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Student Political Activism in Democratizing Egypt

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Book Chapter: 

Abdel-Fattah Mady, "Student Political Activism in Democratizing Egypt," in:

Egypt and the Contradictions of Liberalism: Illiberal Intelligentsia and the Future of Egyptian Democracy

Editors: Dalia Fahmy & Daanish Faruqi 

Contributors: Khaled Abou El Fadl, Ahmed Abdel Meguid, Sahar Aziz, Emran El-Badawi, Mohamad Elmasry, Dalia Fahmy, Daanish Faruqi, Joel Gordon, Amr Hamzawy, Ann M. Lesch, Abdel-Fattah Mady, Hesham Sallam, Emad El-Din Shahin.

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About the book:

The liberatory sentiment that stoked the Arab Spring and saw the ousting of long-time Egyptian dictator Hosni Mubarak seems a distant memory. Democratically elected president Mohammad Morsi lasted only a year before he was forced from power to be replaced by precisely the kind of authoritarianism protestors had been railing against in January 2011. Paradoxically, this turn of events was encouraged by the same liberal activists and intelligentsia who'd pushed for progressive reform under Mubarak.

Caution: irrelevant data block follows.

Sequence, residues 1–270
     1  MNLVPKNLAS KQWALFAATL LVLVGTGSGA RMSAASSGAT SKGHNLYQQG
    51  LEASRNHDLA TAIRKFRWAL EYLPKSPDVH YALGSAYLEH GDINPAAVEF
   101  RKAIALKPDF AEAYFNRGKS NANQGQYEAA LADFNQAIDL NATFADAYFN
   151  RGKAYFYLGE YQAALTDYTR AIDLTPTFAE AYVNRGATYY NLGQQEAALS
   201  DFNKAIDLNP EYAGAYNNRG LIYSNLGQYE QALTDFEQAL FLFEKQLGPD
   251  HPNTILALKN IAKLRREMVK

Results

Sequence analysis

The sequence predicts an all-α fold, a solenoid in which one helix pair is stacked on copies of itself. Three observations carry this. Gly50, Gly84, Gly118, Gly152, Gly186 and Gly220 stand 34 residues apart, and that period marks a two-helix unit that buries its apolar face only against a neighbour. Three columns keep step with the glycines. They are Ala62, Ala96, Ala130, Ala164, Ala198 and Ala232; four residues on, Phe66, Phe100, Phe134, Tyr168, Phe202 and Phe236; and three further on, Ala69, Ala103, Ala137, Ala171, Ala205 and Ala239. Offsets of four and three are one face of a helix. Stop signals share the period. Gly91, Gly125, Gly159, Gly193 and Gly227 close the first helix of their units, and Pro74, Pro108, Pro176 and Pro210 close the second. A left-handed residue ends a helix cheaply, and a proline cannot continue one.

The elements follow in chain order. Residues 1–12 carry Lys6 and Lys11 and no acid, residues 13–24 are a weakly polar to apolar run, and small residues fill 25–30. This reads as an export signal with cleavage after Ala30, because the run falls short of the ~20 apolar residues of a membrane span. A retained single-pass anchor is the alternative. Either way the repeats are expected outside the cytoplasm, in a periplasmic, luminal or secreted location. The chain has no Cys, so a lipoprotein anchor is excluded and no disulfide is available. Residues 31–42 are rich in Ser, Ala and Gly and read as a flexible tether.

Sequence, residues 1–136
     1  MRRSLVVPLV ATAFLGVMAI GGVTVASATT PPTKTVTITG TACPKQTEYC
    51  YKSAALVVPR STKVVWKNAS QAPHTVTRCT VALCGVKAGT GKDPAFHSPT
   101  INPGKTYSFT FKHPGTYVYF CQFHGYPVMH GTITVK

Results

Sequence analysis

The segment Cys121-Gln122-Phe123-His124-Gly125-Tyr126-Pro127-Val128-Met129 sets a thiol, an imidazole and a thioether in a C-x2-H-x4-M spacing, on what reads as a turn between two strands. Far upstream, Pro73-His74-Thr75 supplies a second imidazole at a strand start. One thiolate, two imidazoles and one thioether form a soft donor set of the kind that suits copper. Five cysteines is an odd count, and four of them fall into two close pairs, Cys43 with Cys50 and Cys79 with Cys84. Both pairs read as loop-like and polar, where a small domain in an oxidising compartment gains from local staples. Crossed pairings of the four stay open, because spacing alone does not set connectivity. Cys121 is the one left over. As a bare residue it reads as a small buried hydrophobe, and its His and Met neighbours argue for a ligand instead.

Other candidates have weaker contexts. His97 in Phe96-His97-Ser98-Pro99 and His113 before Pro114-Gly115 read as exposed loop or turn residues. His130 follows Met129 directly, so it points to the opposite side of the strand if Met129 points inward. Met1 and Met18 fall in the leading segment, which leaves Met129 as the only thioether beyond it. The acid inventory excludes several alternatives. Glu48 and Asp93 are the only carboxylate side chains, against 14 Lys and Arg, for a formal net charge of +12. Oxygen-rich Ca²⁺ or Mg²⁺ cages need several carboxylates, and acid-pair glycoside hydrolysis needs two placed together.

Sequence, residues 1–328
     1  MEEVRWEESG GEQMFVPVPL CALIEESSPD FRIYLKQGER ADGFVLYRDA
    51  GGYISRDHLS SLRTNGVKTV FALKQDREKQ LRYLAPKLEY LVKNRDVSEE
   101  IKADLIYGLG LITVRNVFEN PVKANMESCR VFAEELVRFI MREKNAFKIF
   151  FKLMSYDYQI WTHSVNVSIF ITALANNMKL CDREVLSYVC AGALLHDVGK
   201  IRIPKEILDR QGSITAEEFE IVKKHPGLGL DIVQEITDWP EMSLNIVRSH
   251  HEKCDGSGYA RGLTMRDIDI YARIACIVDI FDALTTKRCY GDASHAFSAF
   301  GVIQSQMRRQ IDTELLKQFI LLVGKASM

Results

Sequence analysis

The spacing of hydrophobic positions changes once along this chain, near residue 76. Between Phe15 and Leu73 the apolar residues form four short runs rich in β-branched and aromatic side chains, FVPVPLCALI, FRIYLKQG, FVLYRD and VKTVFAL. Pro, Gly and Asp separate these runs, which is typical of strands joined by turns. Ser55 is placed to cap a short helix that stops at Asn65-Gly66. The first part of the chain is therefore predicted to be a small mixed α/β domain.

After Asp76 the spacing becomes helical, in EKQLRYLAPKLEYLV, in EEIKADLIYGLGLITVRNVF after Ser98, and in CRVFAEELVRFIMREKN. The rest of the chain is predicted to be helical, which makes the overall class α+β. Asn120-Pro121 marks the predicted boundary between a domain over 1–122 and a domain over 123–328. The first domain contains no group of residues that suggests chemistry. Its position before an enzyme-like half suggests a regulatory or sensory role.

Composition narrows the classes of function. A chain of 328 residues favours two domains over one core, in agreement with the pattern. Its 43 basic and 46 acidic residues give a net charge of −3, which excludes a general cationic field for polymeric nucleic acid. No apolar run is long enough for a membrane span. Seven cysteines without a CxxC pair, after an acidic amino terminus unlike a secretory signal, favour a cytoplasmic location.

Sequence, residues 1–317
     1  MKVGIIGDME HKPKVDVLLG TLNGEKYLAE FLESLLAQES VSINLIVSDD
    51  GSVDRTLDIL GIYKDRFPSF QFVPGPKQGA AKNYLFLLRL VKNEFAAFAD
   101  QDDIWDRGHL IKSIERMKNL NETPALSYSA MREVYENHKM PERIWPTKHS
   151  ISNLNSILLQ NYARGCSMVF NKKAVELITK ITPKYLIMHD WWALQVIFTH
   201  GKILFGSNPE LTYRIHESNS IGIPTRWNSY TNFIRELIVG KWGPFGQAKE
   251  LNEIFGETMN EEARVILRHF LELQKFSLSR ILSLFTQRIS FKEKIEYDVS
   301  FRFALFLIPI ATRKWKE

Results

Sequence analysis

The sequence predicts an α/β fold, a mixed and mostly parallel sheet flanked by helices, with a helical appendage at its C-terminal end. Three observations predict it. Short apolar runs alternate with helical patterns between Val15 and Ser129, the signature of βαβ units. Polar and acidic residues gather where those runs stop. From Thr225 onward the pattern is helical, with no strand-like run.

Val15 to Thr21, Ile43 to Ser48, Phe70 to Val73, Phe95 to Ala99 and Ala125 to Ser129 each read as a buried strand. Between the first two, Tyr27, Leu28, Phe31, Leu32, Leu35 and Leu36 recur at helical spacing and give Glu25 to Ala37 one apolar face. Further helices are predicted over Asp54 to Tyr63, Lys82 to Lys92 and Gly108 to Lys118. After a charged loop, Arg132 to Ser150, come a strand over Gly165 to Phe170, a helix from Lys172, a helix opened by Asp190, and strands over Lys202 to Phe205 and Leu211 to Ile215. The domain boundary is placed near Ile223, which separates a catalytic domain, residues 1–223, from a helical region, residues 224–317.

This volume analyses how such a key contingent of Egyptian liberals came to develop outright illiberal tendencies. Interdisciplinary in scope, it brings together experts in Middle East studies, political science, philosophy, Islamic studies and law to address the failure of Egyptian liberalism in a holistic manner – from liberalism's relationship with the state, to its role in cultivating civil society, to the role of Islam and secularism in the cultivation of liberalism. A work of impeccable scholarly rigour, Egypt and the Contradictions of Liberalism reveals the contemporary ramifications of the state of liberalism in Egypt.